Category Archives: Environment

Opting out of council weedkilling – can we do it?

This is the text of a letter from our neighbour Christina Rogers at no 88.  Everyone in the street should have received a copy through their door this week.


19th July 2020

Dear Fellow Fawnbrakers,

Do you want to opt out of council weedkilling?

At the moment, Lambeth Council sprays glyphosate weedkiller to keep our pavements and road gutters weed-free. As you may know, over the last few years there have been health and environmental concerns about the weedkiller glyphosate. A US court has awarded large damages in a case of lymphoma in a man who sprayed it professionally. A WHO committee has said it’s ‘probably carcinogenic’. There is evidence of an effect on the soil, the water table, and bees and other pollinators, and several European countries have already banned it. Although it hasn’t yet been banned here, Lambeth plan to stop using it in October next year, and they are trying out a range of alternative ways of keeping the weeds down.

One option would be for us to weed our own road and pavements. If there were enough of us, it wouldn’t take long – all you need is gloves and a knife. According to the council webpage if roots and accumulated soil are removed in Spring it takes longer for weeds to grow back after hand-weeding than after weedkiller, so three times a year would probably be enough.

We already have 16 Fawnbrakers who are interested in helping. The more of us there are the quicker it would be for each person to do.

Tell us what you think

So, if you would like to HELP WITH WEEDING, or OBJECT to opting out of spraying, please contact me on 07952-956-551, or drop a note through the door of number 88. To join the what’s app group please give me your mobile number.

The council deadline for opting out is coming up soon so please respond before 31st July.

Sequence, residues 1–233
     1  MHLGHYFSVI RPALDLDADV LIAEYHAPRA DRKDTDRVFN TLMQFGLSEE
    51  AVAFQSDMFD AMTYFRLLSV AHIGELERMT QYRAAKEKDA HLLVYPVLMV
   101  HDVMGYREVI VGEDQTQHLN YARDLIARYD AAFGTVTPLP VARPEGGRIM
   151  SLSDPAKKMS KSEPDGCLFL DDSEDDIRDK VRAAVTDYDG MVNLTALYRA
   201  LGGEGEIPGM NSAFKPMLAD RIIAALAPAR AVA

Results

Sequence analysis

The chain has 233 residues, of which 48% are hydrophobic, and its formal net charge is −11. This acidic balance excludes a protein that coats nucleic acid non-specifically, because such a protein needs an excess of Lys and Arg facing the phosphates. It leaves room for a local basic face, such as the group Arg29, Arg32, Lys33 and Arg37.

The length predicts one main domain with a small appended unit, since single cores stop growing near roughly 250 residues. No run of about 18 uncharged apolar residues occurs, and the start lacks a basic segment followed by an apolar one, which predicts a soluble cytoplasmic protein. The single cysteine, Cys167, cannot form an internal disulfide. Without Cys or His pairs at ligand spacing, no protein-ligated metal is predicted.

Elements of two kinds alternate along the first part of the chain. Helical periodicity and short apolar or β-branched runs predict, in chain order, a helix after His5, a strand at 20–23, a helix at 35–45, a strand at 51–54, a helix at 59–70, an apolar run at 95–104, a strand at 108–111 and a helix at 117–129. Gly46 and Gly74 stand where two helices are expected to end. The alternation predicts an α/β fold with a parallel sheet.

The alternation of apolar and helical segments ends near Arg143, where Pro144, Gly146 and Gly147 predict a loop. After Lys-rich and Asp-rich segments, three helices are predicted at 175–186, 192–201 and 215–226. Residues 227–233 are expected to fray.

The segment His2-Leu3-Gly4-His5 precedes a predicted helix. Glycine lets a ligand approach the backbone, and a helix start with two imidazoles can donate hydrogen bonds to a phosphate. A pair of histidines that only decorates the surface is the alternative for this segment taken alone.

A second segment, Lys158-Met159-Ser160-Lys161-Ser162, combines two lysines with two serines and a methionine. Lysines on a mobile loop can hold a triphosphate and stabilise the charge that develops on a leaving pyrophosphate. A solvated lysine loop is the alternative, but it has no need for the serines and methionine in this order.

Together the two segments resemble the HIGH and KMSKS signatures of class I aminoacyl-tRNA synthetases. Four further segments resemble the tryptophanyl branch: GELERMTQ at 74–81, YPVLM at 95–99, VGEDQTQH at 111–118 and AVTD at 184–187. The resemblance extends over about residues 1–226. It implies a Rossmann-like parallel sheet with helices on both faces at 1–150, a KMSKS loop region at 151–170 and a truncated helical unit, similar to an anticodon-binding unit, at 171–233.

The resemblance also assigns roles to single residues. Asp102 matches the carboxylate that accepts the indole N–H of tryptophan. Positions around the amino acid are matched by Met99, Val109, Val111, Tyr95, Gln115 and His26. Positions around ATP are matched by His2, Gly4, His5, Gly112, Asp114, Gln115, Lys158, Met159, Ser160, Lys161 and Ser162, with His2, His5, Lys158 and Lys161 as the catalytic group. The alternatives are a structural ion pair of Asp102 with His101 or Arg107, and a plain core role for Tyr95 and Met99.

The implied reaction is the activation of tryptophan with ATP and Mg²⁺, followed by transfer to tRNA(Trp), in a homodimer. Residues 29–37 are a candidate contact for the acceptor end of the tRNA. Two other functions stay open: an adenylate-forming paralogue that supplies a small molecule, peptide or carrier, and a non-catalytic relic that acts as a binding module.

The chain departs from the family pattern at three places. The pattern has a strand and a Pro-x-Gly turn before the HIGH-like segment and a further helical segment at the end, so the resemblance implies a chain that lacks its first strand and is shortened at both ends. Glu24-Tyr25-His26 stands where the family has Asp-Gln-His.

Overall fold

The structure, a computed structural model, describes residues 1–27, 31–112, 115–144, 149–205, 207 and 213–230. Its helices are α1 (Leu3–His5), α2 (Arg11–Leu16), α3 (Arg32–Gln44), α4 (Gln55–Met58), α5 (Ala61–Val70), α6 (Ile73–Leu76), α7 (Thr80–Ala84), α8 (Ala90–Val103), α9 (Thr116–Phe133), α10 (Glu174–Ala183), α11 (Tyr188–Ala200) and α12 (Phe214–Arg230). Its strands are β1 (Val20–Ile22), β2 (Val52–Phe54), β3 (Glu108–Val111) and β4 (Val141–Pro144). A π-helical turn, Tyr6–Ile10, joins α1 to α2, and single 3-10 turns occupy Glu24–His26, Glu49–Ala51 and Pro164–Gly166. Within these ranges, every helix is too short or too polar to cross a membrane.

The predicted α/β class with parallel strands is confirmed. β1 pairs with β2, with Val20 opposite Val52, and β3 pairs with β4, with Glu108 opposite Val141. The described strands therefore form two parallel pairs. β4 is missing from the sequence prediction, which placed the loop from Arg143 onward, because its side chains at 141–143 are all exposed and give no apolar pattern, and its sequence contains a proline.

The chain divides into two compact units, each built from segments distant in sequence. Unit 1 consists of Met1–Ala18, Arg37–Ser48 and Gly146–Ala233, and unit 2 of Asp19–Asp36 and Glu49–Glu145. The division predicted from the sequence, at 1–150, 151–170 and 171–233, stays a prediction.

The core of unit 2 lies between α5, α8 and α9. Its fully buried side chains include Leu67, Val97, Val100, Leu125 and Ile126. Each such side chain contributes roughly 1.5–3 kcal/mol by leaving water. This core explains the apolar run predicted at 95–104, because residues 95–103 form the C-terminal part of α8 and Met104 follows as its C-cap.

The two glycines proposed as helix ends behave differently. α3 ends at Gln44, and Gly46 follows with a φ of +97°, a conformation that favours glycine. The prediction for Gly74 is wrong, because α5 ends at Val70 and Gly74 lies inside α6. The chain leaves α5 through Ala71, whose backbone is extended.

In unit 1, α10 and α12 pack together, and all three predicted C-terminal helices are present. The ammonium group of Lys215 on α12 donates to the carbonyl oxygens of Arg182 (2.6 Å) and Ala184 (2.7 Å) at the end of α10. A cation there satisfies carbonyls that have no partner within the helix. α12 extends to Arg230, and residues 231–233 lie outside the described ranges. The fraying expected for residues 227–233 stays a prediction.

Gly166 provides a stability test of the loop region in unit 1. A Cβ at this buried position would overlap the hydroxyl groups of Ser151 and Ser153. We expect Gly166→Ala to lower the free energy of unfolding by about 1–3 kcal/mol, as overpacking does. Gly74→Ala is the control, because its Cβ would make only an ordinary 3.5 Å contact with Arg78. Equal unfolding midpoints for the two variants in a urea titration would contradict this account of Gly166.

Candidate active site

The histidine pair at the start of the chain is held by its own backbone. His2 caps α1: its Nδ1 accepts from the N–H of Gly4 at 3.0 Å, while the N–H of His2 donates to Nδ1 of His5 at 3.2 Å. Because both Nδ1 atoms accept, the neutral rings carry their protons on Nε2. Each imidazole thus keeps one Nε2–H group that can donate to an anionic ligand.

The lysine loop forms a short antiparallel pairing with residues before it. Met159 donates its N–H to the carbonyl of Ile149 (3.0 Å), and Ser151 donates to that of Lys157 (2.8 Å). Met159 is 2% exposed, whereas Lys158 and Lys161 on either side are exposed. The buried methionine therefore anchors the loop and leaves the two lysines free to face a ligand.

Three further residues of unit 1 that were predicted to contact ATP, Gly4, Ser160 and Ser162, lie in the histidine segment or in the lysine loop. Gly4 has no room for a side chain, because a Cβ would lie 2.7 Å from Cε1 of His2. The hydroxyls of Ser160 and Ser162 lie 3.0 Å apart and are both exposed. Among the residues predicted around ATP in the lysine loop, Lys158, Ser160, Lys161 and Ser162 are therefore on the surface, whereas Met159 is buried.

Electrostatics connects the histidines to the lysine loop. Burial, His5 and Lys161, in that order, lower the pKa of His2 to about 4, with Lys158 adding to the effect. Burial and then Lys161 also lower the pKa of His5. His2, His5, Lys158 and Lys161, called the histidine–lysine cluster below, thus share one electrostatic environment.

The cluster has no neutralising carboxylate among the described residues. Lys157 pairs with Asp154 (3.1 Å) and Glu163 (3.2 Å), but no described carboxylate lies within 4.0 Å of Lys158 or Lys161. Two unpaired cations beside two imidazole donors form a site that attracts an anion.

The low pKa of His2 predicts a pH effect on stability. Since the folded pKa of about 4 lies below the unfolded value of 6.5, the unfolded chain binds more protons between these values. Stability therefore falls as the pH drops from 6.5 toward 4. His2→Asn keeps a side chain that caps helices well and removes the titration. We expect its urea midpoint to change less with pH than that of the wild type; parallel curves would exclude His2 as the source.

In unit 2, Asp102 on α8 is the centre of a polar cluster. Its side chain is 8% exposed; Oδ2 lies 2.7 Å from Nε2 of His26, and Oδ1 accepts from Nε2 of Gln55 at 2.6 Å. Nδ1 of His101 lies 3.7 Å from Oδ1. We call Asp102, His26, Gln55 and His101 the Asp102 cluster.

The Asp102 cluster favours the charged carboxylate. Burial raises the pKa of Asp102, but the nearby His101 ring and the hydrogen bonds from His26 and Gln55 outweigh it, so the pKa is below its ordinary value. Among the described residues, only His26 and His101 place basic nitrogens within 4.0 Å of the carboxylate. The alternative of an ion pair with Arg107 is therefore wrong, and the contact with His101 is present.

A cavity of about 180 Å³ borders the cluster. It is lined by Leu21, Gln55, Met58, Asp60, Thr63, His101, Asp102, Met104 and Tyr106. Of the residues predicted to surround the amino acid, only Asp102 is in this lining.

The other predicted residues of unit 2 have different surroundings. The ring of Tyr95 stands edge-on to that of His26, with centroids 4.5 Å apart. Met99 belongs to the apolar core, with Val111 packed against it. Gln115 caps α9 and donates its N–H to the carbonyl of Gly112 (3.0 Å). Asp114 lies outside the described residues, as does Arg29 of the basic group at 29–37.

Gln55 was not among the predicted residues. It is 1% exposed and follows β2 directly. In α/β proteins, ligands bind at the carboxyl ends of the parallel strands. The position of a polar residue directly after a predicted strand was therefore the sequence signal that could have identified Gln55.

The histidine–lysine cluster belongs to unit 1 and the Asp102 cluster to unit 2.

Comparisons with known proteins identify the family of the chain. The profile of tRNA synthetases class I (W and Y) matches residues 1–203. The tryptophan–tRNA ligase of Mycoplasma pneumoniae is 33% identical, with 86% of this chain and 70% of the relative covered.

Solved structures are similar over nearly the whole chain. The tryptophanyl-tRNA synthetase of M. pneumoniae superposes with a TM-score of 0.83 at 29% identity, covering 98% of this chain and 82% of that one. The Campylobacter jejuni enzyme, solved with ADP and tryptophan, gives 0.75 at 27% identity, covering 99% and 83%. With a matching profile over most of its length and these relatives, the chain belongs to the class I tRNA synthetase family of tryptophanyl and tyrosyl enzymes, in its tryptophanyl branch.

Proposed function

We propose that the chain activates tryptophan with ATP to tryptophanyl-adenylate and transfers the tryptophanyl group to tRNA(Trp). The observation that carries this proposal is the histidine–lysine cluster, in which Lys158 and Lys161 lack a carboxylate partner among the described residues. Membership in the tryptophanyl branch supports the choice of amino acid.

Christina Rogers @ no.88


 

‘Local History in Lock-down’ talks – first one this evening

The small but excellent team at Lambeth Archives have announced a series of on-line talks delivered live via Zoom.

The first one is happening this evening when Jon Newman, one of the two Archives Managers, will talk about “Why Parks Matter”.  Scroll down for log-in details.

Jon is a first-rate speaker, writer and historian. He will be telling the story of local campaigns in the 19th century to preserve common lands and to create public parks.

 

 

We must all be grateful for the pioneering work of those socially aware and determined campaigners, now that in our crowded city parks and open spaces are even more vital.

Ruskin Park April 2020

Log-in details, as given by Lambeth Archives

Log in tonight, Thursday 16th April at 18.45, by clicking on this link.

Meeting ID: 919 3951 6549. Password: 031172

Otherwise, and perhaps to get a more robust link, email archives@lambeth.gov.uk  now for login details

You do not have to have a Zoom account to join these talks. You will be prompted to download the software once you have clicked on the above link. You can also create an account, but it is not essential. If you are a first-time Zoom user, please allow yourself time to do this before the talk starts.

Onslaught on the twin towers

Plans for the twin tower development proposed for Loughborough Junction, featured in our last post, have been comprehensively rubbished in a formal objection now tabled on behalf of the Herne Hill Society.

The main thrust of the Society’s objection is that a decision to allow the proposed development would go against the Lambeth Plan for new developments, as well as the London Plan and indeed the 2019 National Planning Policy Framework.

This sound academic but demonstrating how the proposal is fundamentally inconsistent with the Council’s own planning guidelines makes it very difficult for the Lambeth planners to give it the green light – though of course there’s no guarantee that they won’t find a way to wriggle out of this.

The draft new Lambeth Plan lays down many requirements that new developments must respect, including the principle that the design of a new development must be a response to the good aspects of the local context and historic character in many detailed ways.

The proposal flouts Lambeth’s own standards